Len Sipes: What did the job mean to you in terms of crossing that bridge?

Kenneth Trice: Well, it means a lot. I’m no longer, I mean, I’m still looked at as maybe an offender. I don’t want to call myself a criminal. I’m looked at as an offender but now that I have gainful employment I feel that another employer will hire me. They may overlook my background being as though I’ve been working now.

Len Sipes: But you believe that you’ve proved yourself, that you have crossed that bridge, you are now a taxpayer, you’re not a tax burden, you are what everybody in society wants you to be.

Kenneth Trice: Yes sir.

Len Sipes: Okay, and how does that feel?

Kenneth Trice: It feels wonderful.

Len Sipes: And what message would you give to other people who have the opportunity to employ somebody like you?

Kenneth Trice: Please employ them.

Len Sipes: And they would do that because of why? They would employ somebody caught up in the criminal justice system for what reason?

Kenneth Trice: To give them a chance to prove themselves.

Len Sipes: All right. And Kenyan, Kenyan Blakely, again, working for the Department of Human Resources for DC Government, a Support Services Assistant, the same questions are going to go to you, I mean, these are tough questions. I use the term criminal advisedly. I have heard from employers in the past I’m not going to hire ex-cons, I’m not going to hire criminals and it is like they—what they are meaning is is that everybody falls into one category. They have a mental image of exactly who they are. They have a mental image of the fact that they’re going to create problems for me, thereby; I’m not going to hire them. But then again I sit down with the two of you and I don’t see fangs, I don’t see blood dripping from your teeth, I see just two regular guys who are now doing well partially because of employment, correct or incorrect?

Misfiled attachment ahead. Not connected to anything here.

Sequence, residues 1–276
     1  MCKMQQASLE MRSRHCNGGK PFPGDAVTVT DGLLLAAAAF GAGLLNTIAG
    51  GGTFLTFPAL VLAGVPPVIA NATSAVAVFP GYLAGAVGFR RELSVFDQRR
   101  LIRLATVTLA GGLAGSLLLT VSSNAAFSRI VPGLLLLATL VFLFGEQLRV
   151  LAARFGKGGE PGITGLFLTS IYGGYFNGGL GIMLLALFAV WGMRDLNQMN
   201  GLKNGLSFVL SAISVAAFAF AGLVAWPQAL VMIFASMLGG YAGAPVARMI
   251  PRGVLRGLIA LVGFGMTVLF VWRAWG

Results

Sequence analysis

Kenyan Blakely: Correct.

Kenneth Trice: Correct.

Len Sipes: All right, well tell me that. Get closer to the microphone.

Kenyan Blakely: I’ve always—I’ve had jobs, you know, I’ve been on—probably since prior to being on CSOSA and I went on a bunch of job interviews, went on job interviews this go round and I’ve had people pull me to the side and say your resume is excellent, your work ethic, everything, but it’s just, you know, it’s just that background. You can’t pass that background check or it’s not in my hands, it’s in someone else’s hands and they want to go with—but they took a chance on hiring them. Why you can’t take a chance on hiring me? You have people who have committed no crime ever in life, but their work ethic sucks. So you have to take a chance on someone, why not take a chance with someone who has a lot to loose, but a lot go gain too also. So, you know, it’s give and take with it. Like I’ve had people straight up tell me to my face outside of the office, I want you, I want you for this position, but I can’t bring you in. And they would just tell me, you know, don’t stop looking, and I’ve never stopped looking. I’ve always had two jobs. I’ve always had a part-time job on the weekend and now I have full-time employment. Like I said, I’ve started in the program with Tony a whole, almost a year in the program and I got a phone call and it’s like come upstairs you’re going on an interview. I’m like interview for what? They were like people watch you.

Len Sipes: That’s great. What does the job mean to you in terms of your ability or inability to return to crime?